How does Huxley describe 'Obstacle Golf' in Brave New World?
3 Answers | Add Yours
In Chapter Four of Brave New World, Lenina and Henry Foster fly in a helicopter to their date of obstacle golf at Stoke Poges. The reader might assume that obstacle golf would be similar to miniature or putt-putt golf in which the course has amusing obstacles, like a windmill, that the player has to navigate around; of course, everything seems to be on a much grander scale in Brave New World, so Obstacle Golf probably is not miniature at all, but has actual huge obstacles.
As soon as Huxley reaches the part where Lenina and Henry would play obstacle golf, he does not provide a description. Instead, he shifts his attention to 'Part 2' of the chapter that focuses on Bernard's point of view. Obstacle golf is also slightly mentioned through dialogue in Chapter three, but other than the two chapters mentioned, there are no further details of the curious sport.
Obstacle Golf, like Escalator Squash, is an example of a complex sport created primarily for the purpose of keeping factories busy producing parts for it. As the Director explains, all sports are required to use "elaborate apparatus." This society is based around high consumption and Obstacle Golf is simply another manifestation of complicating simple activities to feed the industrial machine. In this world, it is illegal to create a game or sport that uses fewer parts than one already in existence. As the Director says:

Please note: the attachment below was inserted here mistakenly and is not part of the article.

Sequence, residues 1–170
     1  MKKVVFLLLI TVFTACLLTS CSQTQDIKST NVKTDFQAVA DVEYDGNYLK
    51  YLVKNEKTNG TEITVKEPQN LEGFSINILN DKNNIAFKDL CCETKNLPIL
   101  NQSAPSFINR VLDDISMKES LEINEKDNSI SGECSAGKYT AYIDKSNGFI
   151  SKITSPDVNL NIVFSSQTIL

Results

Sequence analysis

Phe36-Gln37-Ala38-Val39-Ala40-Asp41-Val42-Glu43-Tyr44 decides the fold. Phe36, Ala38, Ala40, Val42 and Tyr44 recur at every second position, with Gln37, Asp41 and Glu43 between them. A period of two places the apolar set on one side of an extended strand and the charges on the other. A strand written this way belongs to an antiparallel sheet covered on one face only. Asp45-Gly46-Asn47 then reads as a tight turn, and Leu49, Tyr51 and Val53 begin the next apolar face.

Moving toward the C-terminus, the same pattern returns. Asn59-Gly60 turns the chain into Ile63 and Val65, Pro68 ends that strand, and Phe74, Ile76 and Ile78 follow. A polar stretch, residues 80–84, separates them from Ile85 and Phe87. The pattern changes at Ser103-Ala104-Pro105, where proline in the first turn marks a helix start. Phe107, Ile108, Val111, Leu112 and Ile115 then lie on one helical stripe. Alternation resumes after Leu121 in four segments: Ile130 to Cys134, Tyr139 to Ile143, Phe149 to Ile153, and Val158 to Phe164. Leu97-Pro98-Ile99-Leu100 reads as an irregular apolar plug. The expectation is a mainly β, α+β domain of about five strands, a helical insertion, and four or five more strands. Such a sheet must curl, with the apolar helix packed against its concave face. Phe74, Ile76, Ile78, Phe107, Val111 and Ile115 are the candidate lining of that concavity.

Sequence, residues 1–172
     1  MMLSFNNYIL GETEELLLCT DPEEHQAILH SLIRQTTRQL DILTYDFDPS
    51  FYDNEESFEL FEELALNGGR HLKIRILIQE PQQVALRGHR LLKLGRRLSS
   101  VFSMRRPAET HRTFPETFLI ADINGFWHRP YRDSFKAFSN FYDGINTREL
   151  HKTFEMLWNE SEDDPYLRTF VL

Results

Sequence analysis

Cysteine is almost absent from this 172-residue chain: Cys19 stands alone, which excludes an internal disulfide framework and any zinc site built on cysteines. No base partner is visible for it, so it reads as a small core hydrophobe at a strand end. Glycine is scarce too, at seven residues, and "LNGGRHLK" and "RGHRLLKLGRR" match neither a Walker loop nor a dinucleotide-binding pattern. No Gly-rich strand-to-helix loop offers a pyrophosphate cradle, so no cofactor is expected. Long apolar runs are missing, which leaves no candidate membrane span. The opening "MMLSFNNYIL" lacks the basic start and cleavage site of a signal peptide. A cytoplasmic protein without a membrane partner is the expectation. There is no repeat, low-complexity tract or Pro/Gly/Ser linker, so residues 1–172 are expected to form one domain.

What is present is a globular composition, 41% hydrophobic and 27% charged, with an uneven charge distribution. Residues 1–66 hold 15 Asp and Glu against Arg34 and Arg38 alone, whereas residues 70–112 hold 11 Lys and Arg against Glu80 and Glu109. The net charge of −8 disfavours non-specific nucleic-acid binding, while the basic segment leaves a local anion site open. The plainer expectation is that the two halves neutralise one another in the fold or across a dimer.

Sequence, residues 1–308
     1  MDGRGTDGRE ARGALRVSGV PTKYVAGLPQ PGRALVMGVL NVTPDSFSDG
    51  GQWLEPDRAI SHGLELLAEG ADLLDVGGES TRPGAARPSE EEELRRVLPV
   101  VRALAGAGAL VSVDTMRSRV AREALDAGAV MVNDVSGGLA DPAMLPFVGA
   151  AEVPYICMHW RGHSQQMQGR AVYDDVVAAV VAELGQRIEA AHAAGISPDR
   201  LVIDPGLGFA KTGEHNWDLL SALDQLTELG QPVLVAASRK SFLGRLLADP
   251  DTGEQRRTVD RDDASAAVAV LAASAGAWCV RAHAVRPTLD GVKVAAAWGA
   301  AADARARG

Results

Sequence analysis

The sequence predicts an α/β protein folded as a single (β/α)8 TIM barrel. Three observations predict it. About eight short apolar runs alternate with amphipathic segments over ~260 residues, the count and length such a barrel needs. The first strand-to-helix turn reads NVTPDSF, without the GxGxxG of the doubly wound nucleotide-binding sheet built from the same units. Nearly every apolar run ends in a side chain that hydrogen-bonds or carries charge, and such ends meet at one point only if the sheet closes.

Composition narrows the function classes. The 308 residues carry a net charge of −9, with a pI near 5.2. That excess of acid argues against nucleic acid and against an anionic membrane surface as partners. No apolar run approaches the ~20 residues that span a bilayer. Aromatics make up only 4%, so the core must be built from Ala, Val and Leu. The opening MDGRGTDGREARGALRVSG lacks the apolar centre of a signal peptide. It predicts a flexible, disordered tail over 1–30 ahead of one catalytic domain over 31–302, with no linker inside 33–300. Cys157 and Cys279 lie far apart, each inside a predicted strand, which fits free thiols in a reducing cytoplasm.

Imagine the folly of allowing people to play elaborate games which do nothing whatever to increase consumption. It’s madness. Nowadays the Controllers won’t approve of any new game unless it can be shown that it requires at least as much apparatus as the most complicated of existing games.
The importance of Obstacle Golf to the economy is made clear by the fact that both upper and lower caste citizens play it and apparently do so frequently. However, while noting that people either helicopter or take trains to the country to play the game, the novel offers no explanation of its rules or description of what the complicated equipment it requires is like. Stopping to explain how such a golf game is played would bog down the text, so Huxley wisely leaves that to the imagination.
Obstacle golf is also used to show the ridiculousness of this society that Huxley has created in his novel. Set in a dystopian - the opposite of utopian - world, where the government has ruined its perfect world with its control, the characters are seen as normal only if they busy themselves with frivolities - such as obstacle golf, soma (a drug) and meaningless sexual relationships. This game, while not explained in detail, is used to express the sense of weirdness and aloofness of Bernard for not wanting to join in. Bernard, you see, would rather go home and be alone to think and ponder, than play a silly game with people he doesn't like. This is strange to other society members. Obstacle golf is very similar to soma, as characters use soma and sex and games to go on a "holiday" from things that are bothersome or upsetting. As seen often in the book, "A gramme is better than a damn" - meaning, a bit of drugs is better than feeling emotions.
We’ve answered 315,454 questions. We can answer yours, too.Ask a question